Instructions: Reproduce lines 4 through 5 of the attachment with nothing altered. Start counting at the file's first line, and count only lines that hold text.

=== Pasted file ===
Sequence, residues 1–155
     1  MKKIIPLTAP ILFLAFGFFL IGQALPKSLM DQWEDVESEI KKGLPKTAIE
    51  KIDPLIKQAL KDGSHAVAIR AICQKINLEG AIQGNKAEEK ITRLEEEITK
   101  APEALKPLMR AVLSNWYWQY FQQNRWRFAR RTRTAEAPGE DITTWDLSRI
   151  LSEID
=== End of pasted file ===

   101  APEALKPLMR AVLSNWYWQY FQQNRWRFAR RTRTAEAPGE DITTWDLSRI
   151  LSEID